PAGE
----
Gunmen sprayed Athens riot police with automatic weapons fire early Monday, seriously wounding a policeman in an escalation of violence that broke out after the fatal police shooting of a teenager last month.

Police said one of the weapons fired by the attackers had been used previously by the extremist group Revolutionary Struggle, which claimed responsibility for a 2007 attack on the U.S. Embassy in Athens. No one was hurt in the embassy attack but the U.S. State Department offered a $1 million reward for information leading to the capture of the attackers.

Authorities said more than 30 shots from a 9 mm weapon and an automatic rifle were fired early Monday at three riot policemen standing guard outside the Culture Ministry. Ballistics tests showed the 9 mm weapon had also been used in an April 30, 2007, police station attack that was claimed by the Revolutionary Struggle extremist group.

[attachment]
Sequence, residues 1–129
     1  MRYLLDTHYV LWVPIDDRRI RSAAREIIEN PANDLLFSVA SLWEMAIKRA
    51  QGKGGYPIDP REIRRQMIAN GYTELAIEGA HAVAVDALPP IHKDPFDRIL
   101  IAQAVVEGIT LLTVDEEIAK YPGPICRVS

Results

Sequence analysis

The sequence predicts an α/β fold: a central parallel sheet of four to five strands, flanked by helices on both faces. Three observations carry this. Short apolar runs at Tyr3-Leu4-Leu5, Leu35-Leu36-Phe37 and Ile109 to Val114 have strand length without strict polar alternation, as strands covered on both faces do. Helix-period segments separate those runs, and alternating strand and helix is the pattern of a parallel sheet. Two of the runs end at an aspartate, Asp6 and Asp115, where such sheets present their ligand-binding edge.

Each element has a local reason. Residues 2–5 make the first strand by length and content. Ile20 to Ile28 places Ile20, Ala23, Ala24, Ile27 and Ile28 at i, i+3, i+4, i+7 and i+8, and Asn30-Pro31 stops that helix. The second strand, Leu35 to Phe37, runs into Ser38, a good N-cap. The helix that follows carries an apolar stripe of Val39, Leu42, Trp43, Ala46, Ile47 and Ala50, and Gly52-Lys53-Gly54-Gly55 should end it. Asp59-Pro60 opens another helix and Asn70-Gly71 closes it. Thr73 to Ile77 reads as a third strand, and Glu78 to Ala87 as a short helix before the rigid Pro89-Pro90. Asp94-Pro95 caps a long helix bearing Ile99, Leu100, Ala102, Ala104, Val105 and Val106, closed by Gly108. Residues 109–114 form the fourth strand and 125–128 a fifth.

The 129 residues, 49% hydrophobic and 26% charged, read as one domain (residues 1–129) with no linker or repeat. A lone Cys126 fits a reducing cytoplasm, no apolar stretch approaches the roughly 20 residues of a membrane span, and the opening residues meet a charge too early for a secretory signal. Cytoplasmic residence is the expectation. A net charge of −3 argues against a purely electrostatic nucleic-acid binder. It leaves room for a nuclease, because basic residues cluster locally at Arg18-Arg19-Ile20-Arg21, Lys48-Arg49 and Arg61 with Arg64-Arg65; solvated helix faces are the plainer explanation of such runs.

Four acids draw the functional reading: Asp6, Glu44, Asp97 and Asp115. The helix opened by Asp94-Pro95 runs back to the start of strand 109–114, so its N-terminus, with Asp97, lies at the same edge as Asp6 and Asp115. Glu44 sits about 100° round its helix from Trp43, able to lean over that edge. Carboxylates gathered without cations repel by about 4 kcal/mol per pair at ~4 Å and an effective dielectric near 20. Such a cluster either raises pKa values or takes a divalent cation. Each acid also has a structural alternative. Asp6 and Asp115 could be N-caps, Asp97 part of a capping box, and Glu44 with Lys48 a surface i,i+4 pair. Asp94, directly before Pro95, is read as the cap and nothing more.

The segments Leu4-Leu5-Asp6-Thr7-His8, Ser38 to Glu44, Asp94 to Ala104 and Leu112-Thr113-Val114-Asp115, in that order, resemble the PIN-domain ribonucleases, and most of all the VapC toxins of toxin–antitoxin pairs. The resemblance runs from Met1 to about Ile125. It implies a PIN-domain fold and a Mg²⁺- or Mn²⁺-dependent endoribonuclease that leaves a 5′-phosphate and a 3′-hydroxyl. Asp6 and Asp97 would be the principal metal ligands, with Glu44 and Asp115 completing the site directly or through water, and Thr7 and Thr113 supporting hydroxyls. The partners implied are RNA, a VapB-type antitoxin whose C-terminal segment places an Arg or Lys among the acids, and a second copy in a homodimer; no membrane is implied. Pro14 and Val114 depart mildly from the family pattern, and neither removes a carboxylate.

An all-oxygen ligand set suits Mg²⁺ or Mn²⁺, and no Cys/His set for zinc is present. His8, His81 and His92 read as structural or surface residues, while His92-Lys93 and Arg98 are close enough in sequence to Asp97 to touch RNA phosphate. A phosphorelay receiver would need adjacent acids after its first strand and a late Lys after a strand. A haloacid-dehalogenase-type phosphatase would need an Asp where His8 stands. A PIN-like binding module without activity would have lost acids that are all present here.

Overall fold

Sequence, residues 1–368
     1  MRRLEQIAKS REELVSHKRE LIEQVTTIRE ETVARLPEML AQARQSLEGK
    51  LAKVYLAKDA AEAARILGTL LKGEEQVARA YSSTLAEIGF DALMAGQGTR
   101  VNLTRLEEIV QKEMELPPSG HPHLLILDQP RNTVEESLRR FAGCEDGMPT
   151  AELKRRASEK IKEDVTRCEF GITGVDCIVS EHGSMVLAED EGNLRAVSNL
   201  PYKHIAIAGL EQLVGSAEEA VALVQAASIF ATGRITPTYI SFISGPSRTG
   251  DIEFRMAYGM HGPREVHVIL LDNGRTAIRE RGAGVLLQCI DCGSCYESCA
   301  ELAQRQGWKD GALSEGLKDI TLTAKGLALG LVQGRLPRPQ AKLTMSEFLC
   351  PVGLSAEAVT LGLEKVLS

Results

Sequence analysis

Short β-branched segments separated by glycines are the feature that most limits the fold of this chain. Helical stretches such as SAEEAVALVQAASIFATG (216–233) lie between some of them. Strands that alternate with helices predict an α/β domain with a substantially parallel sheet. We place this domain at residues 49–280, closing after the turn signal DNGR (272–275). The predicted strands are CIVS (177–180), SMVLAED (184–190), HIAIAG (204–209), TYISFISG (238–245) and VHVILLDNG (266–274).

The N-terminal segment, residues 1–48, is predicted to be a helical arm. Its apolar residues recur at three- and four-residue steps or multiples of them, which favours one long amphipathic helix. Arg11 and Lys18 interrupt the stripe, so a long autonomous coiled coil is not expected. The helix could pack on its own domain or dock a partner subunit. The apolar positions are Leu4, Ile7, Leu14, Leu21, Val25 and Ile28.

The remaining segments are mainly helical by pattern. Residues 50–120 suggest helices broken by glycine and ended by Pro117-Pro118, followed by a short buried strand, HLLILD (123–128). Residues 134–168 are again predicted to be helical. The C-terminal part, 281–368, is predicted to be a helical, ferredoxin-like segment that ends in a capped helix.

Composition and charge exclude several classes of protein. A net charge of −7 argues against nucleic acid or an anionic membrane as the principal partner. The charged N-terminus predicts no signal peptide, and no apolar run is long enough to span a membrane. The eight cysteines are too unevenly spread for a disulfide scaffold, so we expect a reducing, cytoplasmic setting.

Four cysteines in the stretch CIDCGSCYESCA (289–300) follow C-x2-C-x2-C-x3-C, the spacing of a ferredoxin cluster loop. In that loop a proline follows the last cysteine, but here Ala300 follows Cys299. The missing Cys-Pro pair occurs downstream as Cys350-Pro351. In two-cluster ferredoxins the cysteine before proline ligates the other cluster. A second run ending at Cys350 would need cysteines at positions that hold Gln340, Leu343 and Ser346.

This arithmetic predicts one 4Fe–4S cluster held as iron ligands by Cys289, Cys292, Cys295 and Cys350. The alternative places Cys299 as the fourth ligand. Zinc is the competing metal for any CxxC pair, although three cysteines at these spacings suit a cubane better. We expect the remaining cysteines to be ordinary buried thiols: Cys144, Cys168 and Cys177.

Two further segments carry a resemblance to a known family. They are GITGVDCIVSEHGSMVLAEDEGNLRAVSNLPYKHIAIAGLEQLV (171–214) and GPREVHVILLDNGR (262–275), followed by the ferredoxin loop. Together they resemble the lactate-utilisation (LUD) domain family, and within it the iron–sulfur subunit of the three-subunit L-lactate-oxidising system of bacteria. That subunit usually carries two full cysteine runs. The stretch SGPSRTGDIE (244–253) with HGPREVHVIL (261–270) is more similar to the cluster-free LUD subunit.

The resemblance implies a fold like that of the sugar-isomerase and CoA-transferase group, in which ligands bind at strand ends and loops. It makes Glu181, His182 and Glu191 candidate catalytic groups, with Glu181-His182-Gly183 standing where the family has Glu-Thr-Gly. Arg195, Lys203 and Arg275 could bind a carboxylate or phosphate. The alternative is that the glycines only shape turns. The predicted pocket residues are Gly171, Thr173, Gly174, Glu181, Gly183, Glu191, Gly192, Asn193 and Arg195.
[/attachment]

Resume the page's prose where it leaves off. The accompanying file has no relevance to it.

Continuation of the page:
• Click here for photos from the scene of the attack.

The group had also claimed the January 2007 attack on the American Embassy.

Greek police chief Lt. Gen. Vassilis Tsiatouras said the Kalashnikov-type rifle used Monday had also been used before — in a Dec. 23 attack on a police bus as it passed a university campus. No one on the bus was injured.

Masked protesters have frequently attacked police with gasoline bombs and rocks in the outburst of rage that followed the fatal shooting of a 15-year-old boy on Dec. 6. The riots were the worst the country has seen in decades. But none of those attacks had caused serious injuries.

Monday's shooting severely wounded 21-year-old policeman Diamandis Matzounis. The hospital where he was being treated listed him in critical but stable condition.

A police officers' association said the riots last month had cultivated an atmosphere of hatred against police.

Several shadowy left-wing Greek extremist groups have been active in Greece in recent years. Their attacks usually are small bombings that rarely cause deaths. Authorities cracked down on the groups before the Athens 2004 Olympics.

The country's deadliest terrorist organization, the November 17 group, was blamed for the killings of 23 people between 1975 and 2000. It was broken up in 2002.

The U.S. State Department's Rewards for Justice program said on its Web site that Revolutionary Struggle "is believed to be an offshoot" of November 17.